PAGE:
 thrush
 inflammation of the pancreas causing abdominal pain
 stomach ulcers (which may bleed)
 thin delicate skin, unusual marks on the skin or bruising
 appearance of stretch marks
 acne
 visible swollen capillaries
 increased sweating
 rash, itching skin
 excess body hair (particularly in women)
 muscle wasting, weakness or pain
 thinning of the bones with an increased risk of fractures (osteoporosis)
 bone disease
 irregular periods or your periods may stop altogether
 slow wound healing
 generally feeling unwell
 weight gain
 breaking of tendons. Symptoms can include hearing or feeling a pop or a snap, severe
pain, immediate bruising and an inability to put weight on or use, the affected area
 blurred vision
Additional side effects in children and adolescents
Children and teenagers taking this medicine may grow more slowly than normal. If you as
the patient or carer, are worried about the effects of taking this medicine, go back and
discuss it with your doctor.
Elderly
If you are elderly, your doctor will monitor you closely whilst you are taking this medicine as
you may be more likely to experience side effects.
Reporting of side effects
If you get any side effects, talk to your doctor, pharmacist or nurse. This includes any
possible side effects not listed in this leaflet. You can also report side effects directly via the
Yellow Card Scheme at: www.mhra.gov.uk/yellowcard. By reporting side effects you can
help provide more information on the safety of this medicine.
5. How to store Prednisolone Oral Solution
 Keep this medicine out of the sight and reach of children.
 Do not use this medicine after the expiry date which is stated on the carton and label
after EXP. The expiry date refers to the last day of that month.
 Store in a refrigerator (2°C - 8°C). Store in the original package in order to protect from
light.
 Once opened: Do not store above 25°C and use within 3 months.
 Do not use this medicine if you notice any visible signs of damage to the bottle or
deterioration in your medicine. Return it to your pharmacist.
 Do not throw away any medicines via wastewater or household waste. Ask your
pharmacist how to throw away medicines you no longer use. These measures will help
to protect the environment.
6. Contents of the pack and other information
What Prednisolone Oral Solution contains
 The active ingredient is prednisolone. Each 1ml of solution contains 10mg prednisolone
(as prednisolone sodium phosphate).
 The other ingredients are sodium methyl parahydroxybenzoate (E219), sodium propyl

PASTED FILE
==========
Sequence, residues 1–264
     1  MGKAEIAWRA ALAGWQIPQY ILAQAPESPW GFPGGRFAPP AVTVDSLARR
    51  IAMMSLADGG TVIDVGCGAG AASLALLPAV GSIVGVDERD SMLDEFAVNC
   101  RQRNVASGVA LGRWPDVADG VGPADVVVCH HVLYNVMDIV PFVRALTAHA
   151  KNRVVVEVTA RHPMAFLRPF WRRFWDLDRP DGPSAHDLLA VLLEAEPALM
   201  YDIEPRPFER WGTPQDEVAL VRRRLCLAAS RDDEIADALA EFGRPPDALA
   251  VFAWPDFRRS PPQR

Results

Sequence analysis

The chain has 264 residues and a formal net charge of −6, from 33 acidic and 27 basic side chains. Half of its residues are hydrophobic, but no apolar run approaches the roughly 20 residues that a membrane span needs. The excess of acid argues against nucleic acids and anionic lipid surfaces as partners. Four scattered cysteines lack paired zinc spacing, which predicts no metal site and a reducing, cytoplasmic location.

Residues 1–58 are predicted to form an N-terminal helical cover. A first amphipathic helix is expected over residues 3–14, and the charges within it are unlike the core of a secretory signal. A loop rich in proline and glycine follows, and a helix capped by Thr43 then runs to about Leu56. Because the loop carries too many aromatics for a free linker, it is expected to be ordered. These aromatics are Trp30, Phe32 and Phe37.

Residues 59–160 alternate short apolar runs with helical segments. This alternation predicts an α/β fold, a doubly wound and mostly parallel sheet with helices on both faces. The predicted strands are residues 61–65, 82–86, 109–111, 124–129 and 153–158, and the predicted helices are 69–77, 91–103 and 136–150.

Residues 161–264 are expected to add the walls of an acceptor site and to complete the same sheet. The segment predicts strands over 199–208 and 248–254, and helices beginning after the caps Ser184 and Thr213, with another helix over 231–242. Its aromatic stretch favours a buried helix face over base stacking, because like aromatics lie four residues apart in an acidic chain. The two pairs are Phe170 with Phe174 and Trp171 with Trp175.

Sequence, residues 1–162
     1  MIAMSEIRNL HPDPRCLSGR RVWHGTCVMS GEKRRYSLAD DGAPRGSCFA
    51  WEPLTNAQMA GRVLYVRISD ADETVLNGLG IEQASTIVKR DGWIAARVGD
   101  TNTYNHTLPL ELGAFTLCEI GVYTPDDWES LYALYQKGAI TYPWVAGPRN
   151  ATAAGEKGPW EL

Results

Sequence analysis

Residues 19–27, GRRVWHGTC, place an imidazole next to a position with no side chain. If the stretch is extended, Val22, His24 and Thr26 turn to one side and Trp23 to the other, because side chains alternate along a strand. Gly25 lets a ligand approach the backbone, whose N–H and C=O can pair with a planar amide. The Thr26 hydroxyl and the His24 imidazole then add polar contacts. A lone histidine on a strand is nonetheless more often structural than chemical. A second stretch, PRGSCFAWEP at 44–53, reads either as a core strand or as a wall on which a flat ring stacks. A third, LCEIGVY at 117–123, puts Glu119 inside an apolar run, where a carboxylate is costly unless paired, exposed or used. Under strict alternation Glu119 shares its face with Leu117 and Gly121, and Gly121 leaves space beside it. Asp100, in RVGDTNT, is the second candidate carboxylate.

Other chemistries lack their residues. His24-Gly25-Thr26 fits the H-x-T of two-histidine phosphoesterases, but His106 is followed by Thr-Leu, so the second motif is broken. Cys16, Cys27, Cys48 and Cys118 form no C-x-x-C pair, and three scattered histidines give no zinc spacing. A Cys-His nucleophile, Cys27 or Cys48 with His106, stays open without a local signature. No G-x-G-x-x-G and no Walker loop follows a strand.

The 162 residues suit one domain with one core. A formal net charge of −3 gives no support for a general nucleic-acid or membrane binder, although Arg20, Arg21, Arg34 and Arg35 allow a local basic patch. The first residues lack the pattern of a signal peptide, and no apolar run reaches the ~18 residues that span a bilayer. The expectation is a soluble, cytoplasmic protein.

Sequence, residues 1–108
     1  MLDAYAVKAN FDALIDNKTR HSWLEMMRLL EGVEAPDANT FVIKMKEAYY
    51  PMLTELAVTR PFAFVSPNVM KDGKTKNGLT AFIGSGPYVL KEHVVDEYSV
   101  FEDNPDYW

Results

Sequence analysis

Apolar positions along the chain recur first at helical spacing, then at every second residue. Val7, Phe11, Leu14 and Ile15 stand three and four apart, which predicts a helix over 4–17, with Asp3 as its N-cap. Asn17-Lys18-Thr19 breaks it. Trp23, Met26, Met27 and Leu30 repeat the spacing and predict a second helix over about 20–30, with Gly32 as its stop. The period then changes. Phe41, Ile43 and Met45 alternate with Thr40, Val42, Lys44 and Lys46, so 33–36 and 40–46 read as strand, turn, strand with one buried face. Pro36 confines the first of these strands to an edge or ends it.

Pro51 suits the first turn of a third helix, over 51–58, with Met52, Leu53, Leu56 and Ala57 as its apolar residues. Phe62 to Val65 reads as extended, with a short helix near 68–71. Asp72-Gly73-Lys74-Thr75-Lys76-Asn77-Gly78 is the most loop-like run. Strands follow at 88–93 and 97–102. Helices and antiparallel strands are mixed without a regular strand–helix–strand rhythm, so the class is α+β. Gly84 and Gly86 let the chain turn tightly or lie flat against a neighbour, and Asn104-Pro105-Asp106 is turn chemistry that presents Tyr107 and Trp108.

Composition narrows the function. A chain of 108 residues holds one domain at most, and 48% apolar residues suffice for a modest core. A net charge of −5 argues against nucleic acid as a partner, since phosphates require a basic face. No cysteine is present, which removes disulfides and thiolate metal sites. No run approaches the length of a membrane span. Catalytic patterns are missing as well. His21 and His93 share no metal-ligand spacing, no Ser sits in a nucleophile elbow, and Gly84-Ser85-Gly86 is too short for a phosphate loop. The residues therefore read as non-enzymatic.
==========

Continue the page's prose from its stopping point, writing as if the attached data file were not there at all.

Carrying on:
parahydroxybenzoate (E217), glycerol, sodium saccharin, disodium edetate, sodium
dihydrogen phosphate dihydrate, sodium hydroxide (as pH adjuster), orange flavour
(contains propylene glycol) and purified water (see section 2 What you need to know
before you take Prednisolone Oral Solution).
What Prednisolone Oral Solution looks like and contents of the pack
Prednisolone Oral Solution is a clear colourless to yellowish oral solution with a
characteristic odour of orange. It is available in an amber glass bottle with a child-resistant
cap containing 30ml of medicine. The pack also contains a 5ml plastic oral dosing syringe
and syringe/bottle adaptor.
PL: 15814/1310

POM

Prednisolone Oral Solution is manufactured by Vianex S.A., Plant A, 12km National Road
Athinon-Lamias, Metamorfosi Attiki, 144 51, Greece.
Procured from within the EU and repackaged by the Product Licence holder:
O.P.D. Laboratories Ltd., Unit 6 Colonial Way, Watford, Herts WD24 4PR.
Leaflet revision and issue date (Ref.): 11.07.2017.

To request a copy of this leaflet in Braille, large
print or audio please call 01923 332 796.

Expand Transcript

Source: Medicines and Healthcare Products Regulatory Agency

Disclaimer: Every effort has been made to ensure that the information provided here is accurate, up-to-date and complete, but no guarantee is made to that effect. Drug information contained herein may be time sensitive. This information has been compiled for use by healthcare practitioners and consumers in the United States. The absence of a warning for a given drug or combination thereof in no way should be construed to indicate that the drug or combination is safe, effective or appropriate for any given patient. If you have questions about the substances you are taking, check with your doctor, nurse or pharmacist.

Hide